Like most children in Ireland, I learned to sing the lorica of St. Patrick in both English and Irish, and it was as familiar to me as the Barry’s or Lyons tea that is drunk in most Irish houses. The word lorica comes from the Latin word for “a coat of armor, mail, or breastplate” that was put on before the Roman troops would go to battle. The famous “Christ before me, Christ behind me” prayer of St. Patrick is part of a series of prayers invoked for their protection and strength. Enjoy a musical version in the video below.
For more musical inspiration this day, here’s another song we all grew up with in Ireland. It is called “Ag Criost An Siol” and is very much associated with Celtic wisdom. Follow along with the Irish and an English translation of the lyrics.
Participating in our Lenten read-along of Braving the Thin Places? Share your thoughts about this week’s reading in the comments below! And post your thoughts, favorite quotes, or reactions with #lentreadalong on social media.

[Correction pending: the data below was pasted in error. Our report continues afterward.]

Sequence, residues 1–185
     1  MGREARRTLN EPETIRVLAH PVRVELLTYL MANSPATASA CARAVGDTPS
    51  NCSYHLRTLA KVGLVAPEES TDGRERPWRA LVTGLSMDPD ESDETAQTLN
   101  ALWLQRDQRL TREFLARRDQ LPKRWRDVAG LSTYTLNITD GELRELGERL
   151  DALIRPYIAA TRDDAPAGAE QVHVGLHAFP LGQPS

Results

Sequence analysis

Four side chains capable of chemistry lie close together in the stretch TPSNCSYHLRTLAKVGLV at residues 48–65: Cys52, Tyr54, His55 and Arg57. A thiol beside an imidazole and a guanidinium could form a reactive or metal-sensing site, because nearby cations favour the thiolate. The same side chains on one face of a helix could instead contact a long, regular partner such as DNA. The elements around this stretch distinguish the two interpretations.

Chapter 6 has been my favorite so far. I read it during breaks while on “jury duty” when one’s thoughts tend to be all over the place. I think about ritual and social ritual in particular when I consider what I see when I look in my own spiritual mirror. I’m old and looking backwards. Is there really any other choice but to live your own challenges and mistakes until you are actually ready to encounter God, on God’s terms?
Soothing music. Thanks Julianne Stanz for the musical inspiration.
There have been many thin places these last two years. The Irish songs were both lovely. I listened to them and felt their beauty and peace. Thank you.